CEDAR RAPIDS — Donald Trump’s proposal to ban Muslims from entering the United States is “ludicrous,” but his comments won’t prompt Sen. Joni Ernst or other top Iowa Republicans to endorse one of his rivals in in the Feb. 1 precinct caucuses.
In language stronger than either Sen. Chuck Grassley or Gov. Terry Branstad used to voice disagreement with Trump, Ernst called on Iowans to “look beyond inflammatory comments, provocative comments and really dig into policy and see if this helping us in the global war on terror or is it hurting?”
“We can’t just grab onto something that sounds very provocative out in the media, which is exactly what is happening right now,” the Iowa Republican said during a conference call with reporters Thursday.
Ernst, who just retired from more than two decades in the Iowa Army National Guard, said Trump’s call for a ban on Muslims entering the U.S. would end a partnership between the Guard and security forces in Kosovo, a European nation with a predominantly Muslim population.
“In Kosovo, you will probably see as many American flags flying as you will Kosovo national flags,” Ernst said. “They adore the U.S. These are great partners for us.”
Kosovar military personnel would not be able to participate with the Iowa Guard in annual training and drill weekends, Ernst said.
“That is ludicrous,” she said.
The partnership between Iowa and Kosovo “is just one example of many, many great partners we have around the globe,” Ernst said.
Despite her opposition to Trump’s plan, Ernst won’t change her mind about endorsing another candidate ahead of the caucuses.
“I said from the beginning I will not endorse a candidate,” Ernst said, “but speaking out against what he is proposing is pretty telling of a number of us elected leaders.”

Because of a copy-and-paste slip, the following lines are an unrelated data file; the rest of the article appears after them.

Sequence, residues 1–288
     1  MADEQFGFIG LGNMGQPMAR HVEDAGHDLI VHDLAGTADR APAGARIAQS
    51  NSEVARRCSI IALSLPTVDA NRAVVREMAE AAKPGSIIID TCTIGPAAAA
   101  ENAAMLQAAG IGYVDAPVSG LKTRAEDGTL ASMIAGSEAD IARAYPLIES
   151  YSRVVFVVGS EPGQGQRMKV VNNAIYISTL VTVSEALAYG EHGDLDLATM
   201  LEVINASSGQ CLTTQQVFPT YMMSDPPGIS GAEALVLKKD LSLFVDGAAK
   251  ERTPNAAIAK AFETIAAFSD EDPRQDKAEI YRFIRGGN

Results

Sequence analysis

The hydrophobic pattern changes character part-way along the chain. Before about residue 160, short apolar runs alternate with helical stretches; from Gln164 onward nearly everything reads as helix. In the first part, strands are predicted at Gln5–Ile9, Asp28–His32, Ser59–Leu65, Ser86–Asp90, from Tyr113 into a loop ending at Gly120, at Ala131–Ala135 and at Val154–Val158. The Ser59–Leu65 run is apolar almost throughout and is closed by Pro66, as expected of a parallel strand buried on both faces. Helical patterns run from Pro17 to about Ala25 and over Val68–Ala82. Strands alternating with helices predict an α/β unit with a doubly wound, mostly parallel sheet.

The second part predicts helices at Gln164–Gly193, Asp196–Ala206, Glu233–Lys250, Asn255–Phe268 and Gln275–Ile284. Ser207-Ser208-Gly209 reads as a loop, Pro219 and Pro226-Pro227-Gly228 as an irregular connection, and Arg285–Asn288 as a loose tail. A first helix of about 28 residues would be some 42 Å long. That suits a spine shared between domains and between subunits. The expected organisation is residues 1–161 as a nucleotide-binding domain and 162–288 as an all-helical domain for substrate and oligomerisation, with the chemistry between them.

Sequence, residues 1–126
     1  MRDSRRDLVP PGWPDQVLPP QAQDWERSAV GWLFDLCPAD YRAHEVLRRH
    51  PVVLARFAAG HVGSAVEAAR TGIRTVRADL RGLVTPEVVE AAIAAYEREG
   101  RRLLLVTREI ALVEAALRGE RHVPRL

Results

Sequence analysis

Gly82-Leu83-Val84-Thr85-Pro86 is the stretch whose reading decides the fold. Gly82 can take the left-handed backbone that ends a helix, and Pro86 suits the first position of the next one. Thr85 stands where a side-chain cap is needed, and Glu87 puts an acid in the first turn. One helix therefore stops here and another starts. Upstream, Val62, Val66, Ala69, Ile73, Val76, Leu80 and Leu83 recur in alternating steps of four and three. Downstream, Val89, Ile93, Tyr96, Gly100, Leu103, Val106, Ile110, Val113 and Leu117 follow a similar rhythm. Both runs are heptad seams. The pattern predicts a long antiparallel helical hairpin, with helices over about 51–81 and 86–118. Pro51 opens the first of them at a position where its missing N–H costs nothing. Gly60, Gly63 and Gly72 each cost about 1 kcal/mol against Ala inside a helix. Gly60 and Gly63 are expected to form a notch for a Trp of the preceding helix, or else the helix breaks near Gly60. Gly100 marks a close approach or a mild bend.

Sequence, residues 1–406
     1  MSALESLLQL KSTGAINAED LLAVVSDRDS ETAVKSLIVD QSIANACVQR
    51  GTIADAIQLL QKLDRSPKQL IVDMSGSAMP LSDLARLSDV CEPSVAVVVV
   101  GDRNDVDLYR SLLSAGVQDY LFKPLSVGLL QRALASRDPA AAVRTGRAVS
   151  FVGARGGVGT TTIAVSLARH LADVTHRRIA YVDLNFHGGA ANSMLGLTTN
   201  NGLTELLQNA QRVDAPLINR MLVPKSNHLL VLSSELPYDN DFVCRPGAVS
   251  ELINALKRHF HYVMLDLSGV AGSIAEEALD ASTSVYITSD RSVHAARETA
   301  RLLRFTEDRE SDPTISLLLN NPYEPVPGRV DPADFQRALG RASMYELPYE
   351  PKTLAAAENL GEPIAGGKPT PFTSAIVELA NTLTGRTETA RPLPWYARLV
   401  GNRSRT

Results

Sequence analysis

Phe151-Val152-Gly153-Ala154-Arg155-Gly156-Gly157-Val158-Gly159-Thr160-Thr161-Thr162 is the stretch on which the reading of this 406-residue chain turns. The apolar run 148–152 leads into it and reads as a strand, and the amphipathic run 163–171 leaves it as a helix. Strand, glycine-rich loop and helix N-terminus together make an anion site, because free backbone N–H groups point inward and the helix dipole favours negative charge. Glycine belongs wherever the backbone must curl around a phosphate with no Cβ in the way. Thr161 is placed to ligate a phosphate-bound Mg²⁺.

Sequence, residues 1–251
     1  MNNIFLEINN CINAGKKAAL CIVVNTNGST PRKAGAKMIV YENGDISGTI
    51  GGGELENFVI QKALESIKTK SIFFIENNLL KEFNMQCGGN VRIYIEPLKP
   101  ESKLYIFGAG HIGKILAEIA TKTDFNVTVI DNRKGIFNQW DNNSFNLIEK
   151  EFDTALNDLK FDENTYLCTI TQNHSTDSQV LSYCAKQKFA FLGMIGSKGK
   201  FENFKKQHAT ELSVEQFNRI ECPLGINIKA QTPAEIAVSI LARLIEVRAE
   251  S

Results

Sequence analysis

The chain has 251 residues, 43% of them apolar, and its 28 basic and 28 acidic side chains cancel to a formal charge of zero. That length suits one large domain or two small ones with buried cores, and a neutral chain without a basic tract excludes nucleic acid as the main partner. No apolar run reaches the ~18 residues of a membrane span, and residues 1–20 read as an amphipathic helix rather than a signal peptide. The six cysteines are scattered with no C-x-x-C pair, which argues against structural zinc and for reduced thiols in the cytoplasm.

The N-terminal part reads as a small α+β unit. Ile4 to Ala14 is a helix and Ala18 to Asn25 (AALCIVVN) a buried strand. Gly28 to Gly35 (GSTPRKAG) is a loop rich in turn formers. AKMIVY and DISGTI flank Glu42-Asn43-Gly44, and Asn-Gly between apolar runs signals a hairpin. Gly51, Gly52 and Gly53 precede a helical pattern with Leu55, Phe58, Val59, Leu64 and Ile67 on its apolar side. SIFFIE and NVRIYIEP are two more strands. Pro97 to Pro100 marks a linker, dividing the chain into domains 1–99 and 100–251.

That’s the same approach Grassley and Branstad have taken — voicing disagreement with Trump’s comments but leaving his fate in the hands of caucus-goers.
“It’s not for me” to condemn him, Grassley said about Trump. “We’ve invited everybody into Iowa to campaign, so wouldn’t it be intellectually dishonest to tell him you ought to never come back to Iowa?”
Besides, he said, in the American political system “Trump or anybody else can run for president, so you’re not going to dump anybody from running for president.”
Likewise, Branstad said he will continue to remain neutral in Iowa’s first-in-the-nation caucus campaign. On Wednesday, however, he made it clear he’s not supporting Trump.
“No, he’s not the best candidate in my mind,” Branstad said. “I’ll let the voters of Iowa decide. I’m not taking sides.”
Trump may be falling out of favor with Iowa GOP caucus-goers, Branstad said in a CNN interview Thursday morning in New York. Noting Texas Sen. Ted Cruz’s gains in recent polls, the governor predicted Trump will not win the caucuses.
“I have a lot of confidence in the Iowa voters in making that decision,” he said.